Your tooth plaque can reveal diet, diseases hundreds of years after death
New research shows that buried within plaque is a history of the bacteria, food, and other microscopic particles that crossed the teeth it's come to coat. While plaque may have less to say about those with good oral hygiene today, an international group of researchers has found that it could reveal quite a bit about our ancestors:
On the teeth of several 1,000-year-old skeletons, researchers were able to determine health and dietary information and to analyze the bacteria that once existed in their mouths.
"The most interesting, but not especially staggering finding, is that it was possible to reconstruct the whole genome of a bacteria living in a Medieval nun's mouth and reveal that it lacked antibiotic resistance genes found in modern strains," Matthew Collins, a University of York professor involved with the research, writes in an email to The Verge.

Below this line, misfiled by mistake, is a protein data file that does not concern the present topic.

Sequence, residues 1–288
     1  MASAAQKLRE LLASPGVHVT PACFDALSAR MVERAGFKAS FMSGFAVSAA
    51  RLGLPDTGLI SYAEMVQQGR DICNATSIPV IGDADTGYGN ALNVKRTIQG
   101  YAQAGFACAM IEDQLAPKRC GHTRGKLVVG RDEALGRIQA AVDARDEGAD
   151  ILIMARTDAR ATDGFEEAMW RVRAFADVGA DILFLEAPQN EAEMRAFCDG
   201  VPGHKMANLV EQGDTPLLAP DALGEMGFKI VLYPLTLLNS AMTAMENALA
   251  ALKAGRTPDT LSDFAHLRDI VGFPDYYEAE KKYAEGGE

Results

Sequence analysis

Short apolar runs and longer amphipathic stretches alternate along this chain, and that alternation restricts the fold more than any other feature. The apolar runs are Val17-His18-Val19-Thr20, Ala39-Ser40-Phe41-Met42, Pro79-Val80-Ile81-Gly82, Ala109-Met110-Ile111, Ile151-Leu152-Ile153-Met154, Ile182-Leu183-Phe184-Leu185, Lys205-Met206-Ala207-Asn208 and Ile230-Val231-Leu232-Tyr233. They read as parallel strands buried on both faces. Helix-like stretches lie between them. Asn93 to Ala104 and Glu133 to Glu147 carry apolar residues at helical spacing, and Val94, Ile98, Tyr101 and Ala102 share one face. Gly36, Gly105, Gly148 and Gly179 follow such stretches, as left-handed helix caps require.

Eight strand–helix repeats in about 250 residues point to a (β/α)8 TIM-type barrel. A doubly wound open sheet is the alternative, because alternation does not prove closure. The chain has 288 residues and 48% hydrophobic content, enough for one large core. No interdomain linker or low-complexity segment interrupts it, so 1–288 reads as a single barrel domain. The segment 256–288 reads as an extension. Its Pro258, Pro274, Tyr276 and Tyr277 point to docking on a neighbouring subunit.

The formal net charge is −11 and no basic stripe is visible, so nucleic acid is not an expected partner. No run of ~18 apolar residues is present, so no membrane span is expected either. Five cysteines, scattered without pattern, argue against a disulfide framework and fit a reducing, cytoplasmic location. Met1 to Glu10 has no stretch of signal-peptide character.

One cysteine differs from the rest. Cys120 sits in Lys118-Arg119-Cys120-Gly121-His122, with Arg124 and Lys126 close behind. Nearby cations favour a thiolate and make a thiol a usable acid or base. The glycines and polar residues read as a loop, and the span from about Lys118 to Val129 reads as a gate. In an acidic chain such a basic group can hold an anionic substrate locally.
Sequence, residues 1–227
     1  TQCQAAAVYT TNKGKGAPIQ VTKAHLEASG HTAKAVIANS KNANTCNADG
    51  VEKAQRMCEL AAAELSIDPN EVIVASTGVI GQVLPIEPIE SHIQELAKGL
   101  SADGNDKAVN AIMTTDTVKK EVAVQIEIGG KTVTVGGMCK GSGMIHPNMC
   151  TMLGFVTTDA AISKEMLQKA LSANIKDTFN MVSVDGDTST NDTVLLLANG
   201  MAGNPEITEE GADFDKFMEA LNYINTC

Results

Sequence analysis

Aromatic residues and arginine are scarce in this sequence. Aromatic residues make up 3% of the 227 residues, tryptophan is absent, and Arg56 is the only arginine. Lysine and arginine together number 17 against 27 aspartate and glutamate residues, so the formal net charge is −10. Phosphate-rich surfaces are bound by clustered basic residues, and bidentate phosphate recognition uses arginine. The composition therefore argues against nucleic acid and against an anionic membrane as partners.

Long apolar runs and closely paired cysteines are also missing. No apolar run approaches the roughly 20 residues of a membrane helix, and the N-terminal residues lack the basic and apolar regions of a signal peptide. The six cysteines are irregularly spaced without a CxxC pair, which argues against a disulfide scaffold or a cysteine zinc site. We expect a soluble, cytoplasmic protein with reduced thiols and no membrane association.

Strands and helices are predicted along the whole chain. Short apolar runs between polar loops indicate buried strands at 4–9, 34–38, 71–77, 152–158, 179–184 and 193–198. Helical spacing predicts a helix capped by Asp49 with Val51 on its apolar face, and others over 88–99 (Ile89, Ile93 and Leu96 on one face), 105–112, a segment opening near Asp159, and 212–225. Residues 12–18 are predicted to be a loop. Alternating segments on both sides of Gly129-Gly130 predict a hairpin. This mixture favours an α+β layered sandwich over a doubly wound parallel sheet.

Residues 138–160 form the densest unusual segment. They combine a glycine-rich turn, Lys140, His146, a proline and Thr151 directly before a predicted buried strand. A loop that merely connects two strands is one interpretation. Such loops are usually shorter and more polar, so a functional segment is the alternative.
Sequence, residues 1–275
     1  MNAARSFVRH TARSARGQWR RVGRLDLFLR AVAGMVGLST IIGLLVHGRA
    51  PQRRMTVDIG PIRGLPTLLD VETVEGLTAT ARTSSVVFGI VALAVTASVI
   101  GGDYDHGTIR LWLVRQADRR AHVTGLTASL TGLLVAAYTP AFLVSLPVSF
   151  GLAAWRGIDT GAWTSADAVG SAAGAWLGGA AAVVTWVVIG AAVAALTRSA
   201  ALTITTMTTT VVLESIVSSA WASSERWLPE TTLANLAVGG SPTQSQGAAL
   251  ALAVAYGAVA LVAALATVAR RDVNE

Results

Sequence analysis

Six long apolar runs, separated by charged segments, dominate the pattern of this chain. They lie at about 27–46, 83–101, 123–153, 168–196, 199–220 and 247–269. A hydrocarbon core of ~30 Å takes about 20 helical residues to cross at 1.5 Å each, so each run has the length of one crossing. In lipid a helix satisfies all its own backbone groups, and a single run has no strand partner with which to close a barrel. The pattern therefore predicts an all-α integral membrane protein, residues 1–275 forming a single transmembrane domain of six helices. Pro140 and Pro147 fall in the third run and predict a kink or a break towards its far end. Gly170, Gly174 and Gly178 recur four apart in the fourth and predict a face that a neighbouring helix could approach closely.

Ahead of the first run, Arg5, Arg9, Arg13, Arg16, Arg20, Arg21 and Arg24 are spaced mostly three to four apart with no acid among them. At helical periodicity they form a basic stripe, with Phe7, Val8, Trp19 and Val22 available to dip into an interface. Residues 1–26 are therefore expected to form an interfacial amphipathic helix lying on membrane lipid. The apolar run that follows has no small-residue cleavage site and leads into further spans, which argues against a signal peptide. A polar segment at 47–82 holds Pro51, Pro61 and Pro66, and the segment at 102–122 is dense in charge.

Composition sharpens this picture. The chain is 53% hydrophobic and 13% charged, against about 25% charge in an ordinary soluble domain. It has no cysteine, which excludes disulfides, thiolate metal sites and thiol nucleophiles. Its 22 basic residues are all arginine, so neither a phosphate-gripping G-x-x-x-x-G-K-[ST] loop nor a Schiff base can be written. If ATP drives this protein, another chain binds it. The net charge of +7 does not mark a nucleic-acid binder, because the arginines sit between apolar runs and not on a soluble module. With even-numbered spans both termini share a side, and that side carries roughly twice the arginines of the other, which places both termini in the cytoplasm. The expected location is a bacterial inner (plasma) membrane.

The researchers identified a number of pathogens and disease-causing bacteria within the plaque and, in particular, found that gum disease was caused by the same bacteria then as it is today.
But that's merely the tip of the iceberg when it comes to what's hidden inside of plaque. "We think that ancient plaque ... is going to be a major new frontier in the study of the oral microbiome," Collins writes.
Most ancient human remains have hardened plaque in their mouths, and the researchers say that future studies may be able to outline how the ecosystem of microbes in our mouths has changed over time as humans changed their diets and behaviors.